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  • Understanding Disease and Illness.Jeremy R. Simon, Havi Carel & Alexander Bird - 2017 - Theoretical Medicine and Bioethics 38 (4):239-244.
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  • Phenomenology and its Relevance to Medical Humanities: The Example of Hermann Schmitz’s Theory of Feelings as Half-Things.Mathias Wirth - 2019 - Medical Humanities 45 (4):346-352.
    One leitmotif that medical humanities shares with phenomenology and most contemporary medical ethics is emphasising the importance of appreciating the patient as a whole person and not merely as an object. With this also comes a focus on marginalisation and invisibility. However, it is not entirely clear what exactly patient-centred care means. What both phenomenology and medical humanities contribute to a ‘more humane health-care encounter’ is offering not only a first-person perspective, but a dialogue between the third-person perspective and evidence-based (...)
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  • An Instrument to Capture the Phenomenology of Implantable Brain Device Use.Frederic Gilbert, Brown, Dasgupta, Martens, Klein & Goering - forthcoming - Neuroethics.
    One important concern regarding implantable Brain Computer Interfaces is the fear that the intervention will negatively change a patient’s sense of identity or agency. In particular, there is concern that the user will be psychologically worse-off following treatment despite postoperative functional improvements. Clinical observations from similar implantable brain technologies, such as deep brain stimulation, show a small but significant proportion of patients report feelings of strangeness or difficulty adjusting to a new concept of themselves characterized by a maladaptive je ne (...)
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  • A Defense of the Phenomenological Account of Health and Illness.Fredrik Svenaeus - 2019 - Journal of Medicine and Philosophy 44 (4):459-478.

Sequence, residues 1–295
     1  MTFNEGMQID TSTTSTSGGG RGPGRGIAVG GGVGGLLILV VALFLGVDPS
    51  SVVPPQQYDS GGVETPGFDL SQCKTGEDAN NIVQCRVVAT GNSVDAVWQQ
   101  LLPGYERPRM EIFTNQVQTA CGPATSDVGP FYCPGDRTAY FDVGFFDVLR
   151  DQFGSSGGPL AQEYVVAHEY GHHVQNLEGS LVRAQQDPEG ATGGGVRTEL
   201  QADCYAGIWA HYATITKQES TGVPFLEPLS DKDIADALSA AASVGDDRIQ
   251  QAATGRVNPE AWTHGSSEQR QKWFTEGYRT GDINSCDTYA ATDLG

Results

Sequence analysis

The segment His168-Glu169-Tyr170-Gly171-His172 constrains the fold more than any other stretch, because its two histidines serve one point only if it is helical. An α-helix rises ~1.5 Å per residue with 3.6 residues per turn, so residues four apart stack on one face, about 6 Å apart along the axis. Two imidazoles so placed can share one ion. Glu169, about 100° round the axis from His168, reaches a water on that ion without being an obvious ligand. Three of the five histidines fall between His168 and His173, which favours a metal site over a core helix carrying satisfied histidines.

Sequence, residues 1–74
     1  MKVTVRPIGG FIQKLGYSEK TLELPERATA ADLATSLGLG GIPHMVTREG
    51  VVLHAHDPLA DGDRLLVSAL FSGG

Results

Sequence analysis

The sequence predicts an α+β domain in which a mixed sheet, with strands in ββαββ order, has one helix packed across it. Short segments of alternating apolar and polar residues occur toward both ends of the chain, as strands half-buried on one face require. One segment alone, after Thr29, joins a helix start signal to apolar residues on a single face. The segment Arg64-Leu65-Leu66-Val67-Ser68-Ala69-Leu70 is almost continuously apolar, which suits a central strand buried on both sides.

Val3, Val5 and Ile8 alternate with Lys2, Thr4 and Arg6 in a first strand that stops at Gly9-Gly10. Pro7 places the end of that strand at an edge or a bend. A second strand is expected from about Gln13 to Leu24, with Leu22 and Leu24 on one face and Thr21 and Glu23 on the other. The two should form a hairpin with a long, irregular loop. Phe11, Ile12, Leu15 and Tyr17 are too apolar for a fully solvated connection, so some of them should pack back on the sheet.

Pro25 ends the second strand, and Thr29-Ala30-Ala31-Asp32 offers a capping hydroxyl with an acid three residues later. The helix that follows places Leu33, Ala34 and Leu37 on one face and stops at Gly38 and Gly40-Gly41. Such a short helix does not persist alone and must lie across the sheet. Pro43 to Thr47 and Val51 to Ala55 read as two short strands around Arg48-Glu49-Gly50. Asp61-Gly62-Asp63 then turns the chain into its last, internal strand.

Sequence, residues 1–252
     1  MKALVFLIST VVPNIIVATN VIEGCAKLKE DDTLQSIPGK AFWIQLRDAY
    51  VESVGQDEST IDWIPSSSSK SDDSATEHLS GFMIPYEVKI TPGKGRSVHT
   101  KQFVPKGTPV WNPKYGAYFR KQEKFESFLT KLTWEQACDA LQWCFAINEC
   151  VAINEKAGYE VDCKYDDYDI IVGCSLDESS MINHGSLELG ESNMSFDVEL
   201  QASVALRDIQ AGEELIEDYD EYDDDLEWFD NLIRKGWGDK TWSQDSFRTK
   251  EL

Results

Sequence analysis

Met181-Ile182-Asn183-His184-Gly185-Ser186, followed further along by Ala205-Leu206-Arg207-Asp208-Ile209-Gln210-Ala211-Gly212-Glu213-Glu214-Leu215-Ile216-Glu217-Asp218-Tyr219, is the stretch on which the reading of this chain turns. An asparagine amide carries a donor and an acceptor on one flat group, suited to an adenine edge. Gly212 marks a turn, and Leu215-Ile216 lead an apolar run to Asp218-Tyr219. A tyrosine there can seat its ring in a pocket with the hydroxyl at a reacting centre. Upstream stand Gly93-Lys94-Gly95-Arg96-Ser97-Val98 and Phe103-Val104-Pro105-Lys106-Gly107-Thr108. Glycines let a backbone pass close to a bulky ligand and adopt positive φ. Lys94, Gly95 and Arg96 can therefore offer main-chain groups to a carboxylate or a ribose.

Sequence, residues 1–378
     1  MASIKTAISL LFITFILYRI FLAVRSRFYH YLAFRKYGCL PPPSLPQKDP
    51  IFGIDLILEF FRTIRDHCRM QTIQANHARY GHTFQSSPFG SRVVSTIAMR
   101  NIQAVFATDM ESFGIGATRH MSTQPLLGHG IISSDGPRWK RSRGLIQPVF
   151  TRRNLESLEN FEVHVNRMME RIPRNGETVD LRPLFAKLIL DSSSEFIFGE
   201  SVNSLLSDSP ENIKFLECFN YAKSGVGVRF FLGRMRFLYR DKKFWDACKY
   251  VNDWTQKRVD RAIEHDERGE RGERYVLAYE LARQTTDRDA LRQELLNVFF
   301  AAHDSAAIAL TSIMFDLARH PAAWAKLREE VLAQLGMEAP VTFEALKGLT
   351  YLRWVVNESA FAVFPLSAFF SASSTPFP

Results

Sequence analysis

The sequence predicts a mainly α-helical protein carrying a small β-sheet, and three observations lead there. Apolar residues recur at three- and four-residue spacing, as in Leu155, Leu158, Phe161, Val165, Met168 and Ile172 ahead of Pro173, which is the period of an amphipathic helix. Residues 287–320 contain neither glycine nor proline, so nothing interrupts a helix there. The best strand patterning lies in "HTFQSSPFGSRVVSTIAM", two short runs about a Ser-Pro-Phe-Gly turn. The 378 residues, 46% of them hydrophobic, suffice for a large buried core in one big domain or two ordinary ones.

A large slice of contemporary phenomenology of medicine has been devoted to developing an account of health and illness that proceeds from the first-person perspective when attempting to understand the ill person in contrast and connection to the third-person perspective on his/her diseased body. A proof that this phenomenological account of health and illness, represented by philosophers, such as Drew Leder, Kay Toombs, Havi Carel, Hans-Georg Gadamer, Kevin Aho, and Fredrik Svenaeus, is becoming increasingly influential in philosophy of medicine and (...)
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  • An Instrument to Capture the Phenomenology of Implantable Brain Device Use.Frederic Gilbert, Brown, Dasgupta, Martens, Klein & Goering - forthcoming - Neuroethics:1-8.
    One important concern regarding implantable Brain Computer Interfaces is the fear that the intervention will negatively change a patient’s sense of identity or agency. In particular, there is concern that the user will be psychologically worse-off following treatment despite postoperative functional improvements. Clinical observations from similar implantable brain technologies, such as deep brain stimulation, show a small but significant proportion of patients report feelings of strangeness or difficulty adjusting to a new concept of themselves characterized by a maladaptive je ne (...)
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  • I Miss Being Me: Phenomenological Effects of Deep Brain Stimulation.Frederic Gilbert, Eliza Goddard, John Noel M. Viaña, Adrian Carter & Malcolm Horne - 2017 - American Journal of Bioethics Neuroscience 8 (2):96-109.